What is a BUS?
Jen Chen | August 31, 2022
When people think of the term “bus”, most of them immediately think of a school bus or public transport bus. But in our case this has nothing to do with the vehicle. BUS is an abbreviation that stands for “Binary Unit System”.
A “Binary Unit System” serves to transfer data between participants in a network. This is analogical to the human nervous system. Here data or information is sent from our sensory organs, e.g. the eye, via a nervous system to the brain. There they are processed into further information or commands and then, for example, passed on to the hand. Nowadays, BUS systems are standard in industrial communication and can hardly be imagined without them.
How everything began:
Industrial communication started with parallel wiring. Here all participants were directly wired in a network with the control and regulation level. With increasing automation, this meant ever greater wiring effort. Today, industrial communication is mostly based on fieldbus systems or Ethernet-based communication networks.
The so-called “field devices”, such as sensors and actuators, are connected to a programmable logic controller (known as PLC) via cable-connected, serial fieldbuses. Here the fieldbus ensures a fast exchange of data. In contrast to parallel wiring, the fieldbus only communicates via one cable. Thus the cabling effort could be reduced significantly. A fieldbus operates using a host and device system. Here the host is responsible for controlling the processes and the device processes the pending tasks.
Differentiation from fieldbuses
The fieldbuses differ in their topology, their transmission protocols, the maximum transmission length and the maximum amount of data per telegram. The network topology describes the specific arrangement of devices and cables. A distinction is made here between tree topology, star, line or ring topology. Known fieldbuses are Profibus or CANopen. The bus protocol is the set of rules under which communication takes place.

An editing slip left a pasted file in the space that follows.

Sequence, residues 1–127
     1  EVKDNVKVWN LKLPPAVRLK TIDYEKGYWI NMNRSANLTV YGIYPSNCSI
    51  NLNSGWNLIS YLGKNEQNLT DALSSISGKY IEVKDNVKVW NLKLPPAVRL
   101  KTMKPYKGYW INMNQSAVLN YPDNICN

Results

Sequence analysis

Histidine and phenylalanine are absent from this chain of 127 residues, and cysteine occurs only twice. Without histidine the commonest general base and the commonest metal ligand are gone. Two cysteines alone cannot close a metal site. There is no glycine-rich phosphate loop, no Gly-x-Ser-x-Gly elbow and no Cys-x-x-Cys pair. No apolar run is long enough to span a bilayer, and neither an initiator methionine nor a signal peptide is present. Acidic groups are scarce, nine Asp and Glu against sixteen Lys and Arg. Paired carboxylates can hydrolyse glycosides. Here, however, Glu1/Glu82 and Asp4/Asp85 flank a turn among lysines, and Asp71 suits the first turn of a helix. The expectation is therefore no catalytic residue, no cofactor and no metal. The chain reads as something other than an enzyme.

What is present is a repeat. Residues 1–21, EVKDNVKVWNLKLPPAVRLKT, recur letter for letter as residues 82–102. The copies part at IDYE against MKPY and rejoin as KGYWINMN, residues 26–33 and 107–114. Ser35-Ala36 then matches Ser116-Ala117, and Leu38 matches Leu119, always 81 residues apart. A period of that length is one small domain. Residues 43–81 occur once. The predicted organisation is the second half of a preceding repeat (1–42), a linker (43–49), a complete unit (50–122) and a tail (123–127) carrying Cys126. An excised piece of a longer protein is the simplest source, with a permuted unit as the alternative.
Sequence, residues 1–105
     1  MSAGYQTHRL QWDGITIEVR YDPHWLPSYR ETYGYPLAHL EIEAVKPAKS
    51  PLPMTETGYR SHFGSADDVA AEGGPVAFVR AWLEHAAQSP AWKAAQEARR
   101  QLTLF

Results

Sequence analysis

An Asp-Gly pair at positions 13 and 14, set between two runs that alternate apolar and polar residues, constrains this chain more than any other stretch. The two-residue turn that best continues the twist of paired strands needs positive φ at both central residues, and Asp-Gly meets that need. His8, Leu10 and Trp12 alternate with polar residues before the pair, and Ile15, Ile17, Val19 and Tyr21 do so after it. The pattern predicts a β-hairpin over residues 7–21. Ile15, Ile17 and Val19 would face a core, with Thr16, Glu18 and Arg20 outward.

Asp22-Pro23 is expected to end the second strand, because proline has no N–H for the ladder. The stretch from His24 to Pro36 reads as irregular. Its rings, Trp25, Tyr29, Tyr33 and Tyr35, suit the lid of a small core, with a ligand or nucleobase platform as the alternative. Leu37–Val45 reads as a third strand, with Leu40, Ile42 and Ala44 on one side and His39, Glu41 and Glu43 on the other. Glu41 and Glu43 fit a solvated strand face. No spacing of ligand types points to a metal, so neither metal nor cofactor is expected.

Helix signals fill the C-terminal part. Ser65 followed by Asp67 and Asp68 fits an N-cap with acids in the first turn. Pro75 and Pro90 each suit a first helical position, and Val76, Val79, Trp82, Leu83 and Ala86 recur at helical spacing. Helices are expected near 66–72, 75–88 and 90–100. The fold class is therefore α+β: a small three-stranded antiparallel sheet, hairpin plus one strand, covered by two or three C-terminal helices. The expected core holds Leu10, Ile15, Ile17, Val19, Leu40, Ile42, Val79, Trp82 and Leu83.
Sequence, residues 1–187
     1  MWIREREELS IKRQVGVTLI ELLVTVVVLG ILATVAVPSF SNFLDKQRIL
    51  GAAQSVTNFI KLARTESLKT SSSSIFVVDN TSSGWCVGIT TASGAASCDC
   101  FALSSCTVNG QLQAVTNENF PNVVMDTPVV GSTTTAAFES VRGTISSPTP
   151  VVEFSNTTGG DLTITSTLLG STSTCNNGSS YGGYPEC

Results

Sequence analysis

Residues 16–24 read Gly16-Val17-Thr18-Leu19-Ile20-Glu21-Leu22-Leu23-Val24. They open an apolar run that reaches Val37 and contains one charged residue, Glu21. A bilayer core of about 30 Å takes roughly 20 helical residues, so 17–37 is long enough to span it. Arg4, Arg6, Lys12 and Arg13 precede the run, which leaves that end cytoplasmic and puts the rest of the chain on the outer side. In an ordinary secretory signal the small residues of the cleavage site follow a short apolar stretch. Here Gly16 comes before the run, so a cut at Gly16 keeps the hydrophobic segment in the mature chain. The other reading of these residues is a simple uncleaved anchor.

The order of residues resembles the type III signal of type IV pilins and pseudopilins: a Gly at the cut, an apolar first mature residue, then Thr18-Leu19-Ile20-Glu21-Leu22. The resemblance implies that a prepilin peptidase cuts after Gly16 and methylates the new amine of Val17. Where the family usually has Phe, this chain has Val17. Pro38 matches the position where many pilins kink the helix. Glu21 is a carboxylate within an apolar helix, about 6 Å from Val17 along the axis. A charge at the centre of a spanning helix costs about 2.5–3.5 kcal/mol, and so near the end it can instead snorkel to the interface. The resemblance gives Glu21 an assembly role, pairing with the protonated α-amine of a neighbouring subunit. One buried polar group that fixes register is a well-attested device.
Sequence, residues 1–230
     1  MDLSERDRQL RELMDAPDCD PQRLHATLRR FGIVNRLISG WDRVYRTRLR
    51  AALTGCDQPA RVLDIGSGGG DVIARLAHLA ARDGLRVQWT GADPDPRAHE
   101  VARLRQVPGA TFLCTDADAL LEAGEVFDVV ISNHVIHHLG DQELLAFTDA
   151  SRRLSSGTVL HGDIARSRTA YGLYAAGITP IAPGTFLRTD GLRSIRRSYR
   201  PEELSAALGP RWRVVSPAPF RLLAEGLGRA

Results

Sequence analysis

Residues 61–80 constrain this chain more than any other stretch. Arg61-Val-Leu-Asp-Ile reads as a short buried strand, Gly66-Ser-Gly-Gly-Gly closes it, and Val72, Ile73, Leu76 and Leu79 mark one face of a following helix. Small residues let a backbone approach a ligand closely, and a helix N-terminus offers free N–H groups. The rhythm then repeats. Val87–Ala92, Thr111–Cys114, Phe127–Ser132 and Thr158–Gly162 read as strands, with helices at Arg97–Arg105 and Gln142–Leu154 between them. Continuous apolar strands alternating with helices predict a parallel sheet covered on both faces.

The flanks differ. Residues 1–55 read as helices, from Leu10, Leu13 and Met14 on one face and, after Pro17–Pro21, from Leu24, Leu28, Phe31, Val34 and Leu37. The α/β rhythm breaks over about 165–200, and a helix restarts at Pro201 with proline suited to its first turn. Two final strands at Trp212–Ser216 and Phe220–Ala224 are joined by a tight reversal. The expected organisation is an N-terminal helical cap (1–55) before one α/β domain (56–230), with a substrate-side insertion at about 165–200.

An example of BUS protocols are the Ethernet protocols. Ethernet enables data to be exchanged in the form of data packets with all devices in a network. Here, real-time communication takes place at three communication levels. This is the management level, the control level and the sensor/actuator level. Uniform standards are formed for this purpose. These are managed by the Institute of Electrical and Electronics Engineering (IEEE).
Comparison fieldbus vs. Ethernet
Ethernet enables real-time data transmission and the transfer of larger data volumes. With classic fieldbuses, this is either not possible at all or only with great difficulty. There is also a larger address range with an almost unlimited number of participants available.
Ethernet transmission media
Various transmission media are possible for the transmission of Ethernet protocols. These can be e.g. radio, fibre optic cables or copper cables. Copper cable is most commonly used in industrial communications. A distinction is made between 5 cable categories. A distinction is made between operating frequency, which indicates the frequency range of the cable, and transmission rate, which describes the data volume per time unit.
In summary, we can say that a BUS is a system for data transmission between several participants via a common transmission path. In industrial communication there are various BUS systems, which can also be manufacturer-specific.
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